1. Become Monetarily Sovereign (http://rodgermmitchell.wordpress.com/2009/09/07/introduction/) by re-adopting their sovereign currency, so they can control their money supply . . .
    or . . .
    2. For the EU to assume the same role as the U.S. federal government, and supply euros to its member nations — a quasi United States of Europe.

    There are no other long-term solutions. I predicted this problem in a 2005 speech (http://rodgermmitchell.wordpress.com/2010/05/12/the-meteorology-of-economics-speech-at-umkc/) where I said, “The economies of European nations are doomed by the euro.”

    Rodger Malcolm Mitchell

    1. chris

      Why, thank you for your brand of kool-aid as the “only” solution.

      Please continue to pimp yourself as all-knowing.

  15. Hugh

    I have posted this before both here and elsewhere from the Fed audit:

    I. Agency Mortgage-backed Securities Purchase Program: $1.25 trillion
    II Asset-backed Commercial Paper Money Market Mutual Fund Liquidity Facility: ~$217.3 billion
    III Aid to AIG: Revolving Credit Facility: $85 billion; $72 billion used
    Securities Borrowing Facility: $37.8 billion: $20.6 billion peak
    Maiden Lane II: $19.5 billion
    Maiden Lane III: $24.3 billion
    IV Bear Stearns/Maiden Lane I: $30 billion
    V Bank of America Lending Commitment: Backstop not used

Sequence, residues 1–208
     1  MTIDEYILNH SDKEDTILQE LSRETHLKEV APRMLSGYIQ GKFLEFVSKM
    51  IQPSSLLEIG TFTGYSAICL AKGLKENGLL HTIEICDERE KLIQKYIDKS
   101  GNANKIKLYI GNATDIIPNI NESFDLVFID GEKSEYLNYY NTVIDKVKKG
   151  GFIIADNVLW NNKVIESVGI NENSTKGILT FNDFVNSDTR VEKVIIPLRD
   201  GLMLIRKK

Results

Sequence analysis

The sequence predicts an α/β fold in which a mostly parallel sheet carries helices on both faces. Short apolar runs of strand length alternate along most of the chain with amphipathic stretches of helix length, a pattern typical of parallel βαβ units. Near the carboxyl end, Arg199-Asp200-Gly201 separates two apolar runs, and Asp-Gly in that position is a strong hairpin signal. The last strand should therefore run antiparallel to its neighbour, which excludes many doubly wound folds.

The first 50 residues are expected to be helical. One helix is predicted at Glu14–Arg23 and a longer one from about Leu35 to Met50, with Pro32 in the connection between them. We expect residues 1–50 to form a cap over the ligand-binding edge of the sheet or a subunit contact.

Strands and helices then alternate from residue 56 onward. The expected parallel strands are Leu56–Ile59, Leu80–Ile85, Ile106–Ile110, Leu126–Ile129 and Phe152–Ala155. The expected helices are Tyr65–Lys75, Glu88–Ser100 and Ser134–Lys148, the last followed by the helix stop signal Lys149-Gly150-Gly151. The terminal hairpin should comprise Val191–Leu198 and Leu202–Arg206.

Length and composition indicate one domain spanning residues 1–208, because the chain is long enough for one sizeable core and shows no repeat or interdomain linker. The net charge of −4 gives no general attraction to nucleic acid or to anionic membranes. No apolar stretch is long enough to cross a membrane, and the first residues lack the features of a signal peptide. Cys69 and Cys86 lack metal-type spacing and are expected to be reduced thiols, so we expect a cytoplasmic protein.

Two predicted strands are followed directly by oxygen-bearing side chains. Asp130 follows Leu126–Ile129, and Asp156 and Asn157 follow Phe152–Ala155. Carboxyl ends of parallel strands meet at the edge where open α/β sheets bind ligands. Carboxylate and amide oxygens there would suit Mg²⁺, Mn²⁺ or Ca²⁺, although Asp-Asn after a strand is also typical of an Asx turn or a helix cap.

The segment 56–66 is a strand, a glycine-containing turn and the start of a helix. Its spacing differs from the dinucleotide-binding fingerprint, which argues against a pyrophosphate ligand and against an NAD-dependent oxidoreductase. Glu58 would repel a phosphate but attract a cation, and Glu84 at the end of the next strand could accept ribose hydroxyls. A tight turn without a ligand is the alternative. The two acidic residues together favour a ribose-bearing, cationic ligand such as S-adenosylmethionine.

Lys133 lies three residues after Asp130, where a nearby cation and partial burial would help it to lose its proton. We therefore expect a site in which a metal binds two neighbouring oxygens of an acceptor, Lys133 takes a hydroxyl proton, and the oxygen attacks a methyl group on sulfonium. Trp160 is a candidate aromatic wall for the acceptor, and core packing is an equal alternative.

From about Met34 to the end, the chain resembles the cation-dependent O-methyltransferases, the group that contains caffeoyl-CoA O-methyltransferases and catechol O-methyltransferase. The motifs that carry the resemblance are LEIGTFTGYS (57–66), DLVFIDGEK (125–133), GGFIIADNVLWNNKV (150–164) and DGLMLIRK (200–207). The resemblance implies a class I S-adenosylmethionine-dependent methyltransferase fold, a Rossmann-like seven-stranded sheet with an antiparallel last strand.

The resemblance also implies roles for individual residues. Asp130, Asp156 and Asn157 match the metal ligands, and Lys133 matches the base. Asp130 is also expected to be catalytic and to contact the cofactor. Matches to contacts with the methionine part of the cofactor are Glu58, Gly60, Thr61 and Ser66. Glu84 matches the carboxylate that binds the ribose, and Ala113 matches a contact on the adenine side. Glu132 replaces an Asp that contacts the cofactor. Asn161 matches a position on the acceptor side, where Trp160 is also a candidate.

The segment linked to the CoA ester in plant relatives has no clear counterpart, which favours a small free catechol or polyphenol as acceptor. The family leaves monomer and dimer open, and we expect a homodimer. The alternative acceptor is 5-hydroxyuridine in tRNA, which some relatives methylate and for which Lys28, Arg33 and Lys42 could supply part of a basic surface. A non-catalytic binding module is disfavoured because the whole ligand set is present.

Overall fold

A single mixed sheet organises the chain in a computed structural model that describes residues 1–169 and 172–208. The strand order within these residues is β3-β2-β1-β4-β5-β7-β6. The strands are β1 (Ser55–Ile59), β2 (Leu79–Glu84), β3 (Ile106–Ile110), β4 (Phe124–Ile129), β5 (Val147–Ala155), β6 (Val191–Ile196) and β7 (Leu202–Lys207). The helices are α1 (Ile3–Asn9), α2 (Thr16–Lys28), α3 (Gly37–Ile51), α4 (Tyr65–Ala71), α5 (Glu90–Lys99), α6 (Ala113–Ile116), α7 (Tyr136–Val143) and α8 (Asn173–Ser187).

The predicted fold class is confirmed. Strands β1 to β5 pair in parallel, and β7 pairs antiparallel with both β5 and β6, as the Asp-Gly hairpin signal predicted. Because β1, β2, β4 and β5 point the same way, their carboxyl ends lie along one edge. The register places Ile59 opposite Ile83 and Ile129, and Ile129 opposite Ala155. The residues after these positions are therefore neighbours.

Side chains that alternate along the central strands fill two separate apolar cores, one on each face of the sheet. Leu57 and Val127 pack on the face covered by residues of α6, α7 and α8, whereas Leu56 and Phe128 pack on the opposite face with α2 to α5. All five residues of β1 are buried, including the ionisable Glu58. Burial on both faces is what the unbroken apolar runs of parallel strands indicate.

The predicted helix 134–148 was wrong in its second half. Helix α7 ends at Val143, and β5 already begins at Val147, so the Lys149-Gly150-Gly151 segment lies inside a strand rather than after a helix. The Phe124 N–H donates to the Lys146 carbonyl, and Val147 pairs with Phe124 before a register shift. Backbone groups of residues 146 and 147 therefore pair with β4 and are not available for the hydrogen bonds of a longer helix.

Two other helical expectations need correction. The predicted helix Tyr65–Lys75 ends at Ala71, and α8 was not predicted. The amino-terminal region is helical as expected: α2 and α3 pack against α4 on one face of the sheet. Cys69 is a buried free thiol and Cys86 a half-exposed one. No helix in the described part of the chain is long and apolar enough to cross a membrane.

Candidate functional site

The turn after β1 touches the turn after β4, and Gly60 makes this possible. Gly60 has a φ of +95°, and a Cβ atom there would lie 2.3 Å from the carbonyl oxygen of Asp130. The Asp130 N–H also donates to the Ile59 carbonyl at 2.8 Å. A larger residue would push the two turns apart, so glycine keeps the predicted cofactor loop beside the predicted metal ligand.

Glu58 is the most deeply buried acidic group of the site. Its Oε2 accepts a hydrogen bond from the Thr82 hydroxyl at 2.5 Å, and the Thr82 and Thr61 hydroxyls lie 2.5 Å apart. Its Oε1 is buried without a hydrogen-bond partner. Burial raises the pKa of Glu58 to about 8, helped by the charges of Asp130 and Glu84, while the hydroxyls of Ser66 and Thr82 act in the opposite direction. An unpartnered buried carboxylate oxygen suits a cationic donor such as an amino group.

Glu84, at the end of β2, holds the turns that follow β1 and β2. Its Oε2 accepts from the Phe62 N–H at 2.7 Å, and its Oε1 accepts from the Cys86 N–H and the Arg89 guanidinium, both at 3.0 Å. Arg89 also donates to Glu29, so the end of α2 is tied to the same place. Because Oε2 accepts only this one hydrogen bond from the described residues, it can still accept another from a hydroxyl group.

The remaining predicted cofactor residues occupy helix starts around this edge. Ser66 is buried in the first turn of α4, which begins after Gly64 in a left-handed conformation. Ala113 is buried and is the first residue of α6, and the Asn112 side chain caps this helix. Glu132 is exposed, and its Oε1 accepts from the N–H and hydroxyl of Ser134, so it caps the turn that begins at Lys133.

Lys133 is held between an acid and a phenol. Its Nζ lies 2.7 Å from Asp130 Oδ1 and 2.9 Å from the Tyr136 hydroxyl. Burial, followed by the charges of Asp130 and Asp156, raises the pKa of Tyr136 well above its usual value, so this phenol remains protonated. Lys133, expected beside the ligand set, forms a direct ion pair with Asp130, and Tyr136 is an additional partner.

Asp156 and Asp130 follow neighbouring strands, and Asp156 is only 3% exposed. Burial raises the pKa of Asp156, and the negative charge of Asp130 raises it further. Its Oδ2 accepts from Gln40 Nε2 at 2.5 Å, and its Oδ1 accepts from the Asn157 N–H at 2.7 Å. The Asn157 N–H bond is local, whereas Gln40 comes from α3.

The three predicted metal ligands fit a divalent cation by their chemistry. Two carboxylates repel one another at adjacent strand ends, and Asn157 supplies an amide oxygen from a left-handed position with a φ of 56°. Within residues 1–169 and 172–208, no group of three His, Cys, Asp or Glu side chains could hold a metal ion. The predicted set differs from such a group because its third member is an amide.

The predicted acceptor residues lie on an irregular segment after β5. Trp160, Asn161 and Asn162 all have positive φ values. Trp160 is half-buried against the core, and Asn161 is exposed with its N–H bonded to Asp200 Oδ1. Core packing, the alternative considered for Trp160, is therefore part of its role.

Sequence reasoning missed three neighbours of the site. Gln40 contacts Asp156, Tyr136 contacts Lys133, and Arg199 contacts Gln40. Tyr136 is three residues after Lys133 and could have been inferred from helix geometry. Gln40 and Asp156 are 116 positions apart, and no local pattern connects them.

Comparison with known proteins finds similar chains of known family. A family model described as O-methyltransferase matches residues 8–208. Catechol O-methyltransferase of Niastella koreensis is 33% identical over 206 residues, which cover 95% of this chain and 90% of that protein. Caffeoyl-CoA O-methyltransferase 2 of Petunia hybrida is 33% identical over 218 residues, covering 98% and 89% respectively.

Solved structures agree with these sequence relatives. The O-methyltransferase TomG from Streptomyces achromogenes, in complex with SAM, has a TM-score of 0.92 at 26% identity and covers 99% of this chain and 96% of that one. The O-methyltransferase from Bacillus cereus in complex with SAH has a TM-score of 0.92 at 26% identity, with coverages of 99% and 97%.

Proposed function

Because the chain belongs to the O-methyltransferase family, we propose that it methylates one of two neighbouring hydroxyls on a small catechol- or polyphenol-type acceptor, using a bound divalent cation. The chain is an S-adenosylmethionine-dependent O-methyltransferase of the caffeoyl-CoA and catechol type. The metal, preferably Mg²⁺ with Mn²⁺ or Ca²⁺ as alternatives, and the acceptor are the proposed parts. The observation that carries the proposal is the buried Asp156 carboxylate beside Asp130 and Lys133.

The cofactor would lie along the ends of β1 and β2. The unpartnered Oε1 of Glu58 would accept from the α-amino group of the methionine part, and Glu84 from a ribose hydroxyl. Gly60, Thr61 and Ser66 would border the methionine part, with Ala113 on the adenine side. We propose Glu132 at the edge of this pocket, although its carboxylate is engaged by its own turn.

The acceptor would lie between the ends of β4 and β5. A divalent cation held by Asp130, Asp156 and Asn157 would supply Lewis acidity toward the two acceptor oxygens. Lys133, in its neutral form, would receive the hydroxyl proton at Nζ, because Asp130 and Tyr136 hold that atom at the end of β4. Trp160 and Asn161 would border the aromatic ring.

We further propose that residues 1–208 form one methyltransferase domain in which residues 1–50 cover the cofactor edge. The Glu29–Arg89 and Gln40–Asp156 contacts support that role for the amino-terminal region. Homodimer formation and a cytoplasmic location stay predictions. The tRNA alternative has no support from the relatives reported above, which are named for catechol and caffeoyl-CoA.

VI Citigroup Lending Commitment: Backstop not used
    VII Commercial Paper Funding Facility: $738.3 billion
    VIII Direct Money Market Mutual Fund Lending Facility: Never operational
    IX Dollar Swap Lines with Foreign Central Banks: $10.057 trillion
    X Money Market Investor Funding Facility: Backstop not used
    XI Primary Dealer Credit Facility and Credit Extensions for Affiliates of Primary Dealers: Primary Dealers: $7.3894 trillion
    Affiliates: $1.5616 trillion
    XII Term Asset-backed Securities Loan Facility: $200 billion authorized; $71.1 billion used
    XIII Term Auction Facility: $3.818 trillion
    XIV Term Securities Lending Facility: $2.319 trillion

    This gives a total of $28.1882 trillion.

    As I also noted, there were lots of caveats to this. Some of the listings are only for the largest users and so incomplete. The GAO in its summing at the beginning of the report uses peak not total numbers. Some numbers are authority rather than money spent. I tried in my calculation to include money that actually went through the facility or program.

    If memory serves, the reason that the money market wasn’t used was because Treasury ran a big one of its own. I never heard the exact number on it but it was supposed to be in the trillions. Similarly, the initial buy up of crap assets by Treasury’s TARP program was ditched because the Fed was already running bigger buy up programs, like some of those above. Still the number above gives a reasonably good figure for the overall extent of the Fed’s activities covered in the report.

    And again if memory serves not all of what the Fed was doing is covered, just the special programs.

    http://www.gao.gov/new.items/d11696.pdf

    1. chris

      Hugh,

      Your numbers do not seem to include the loans guaranteed by the FDIC (which may have been the acronym TLGP) to companies morphed into bank holding companies like GE Capital.

      Or are they included under some other name?

      1. Hugh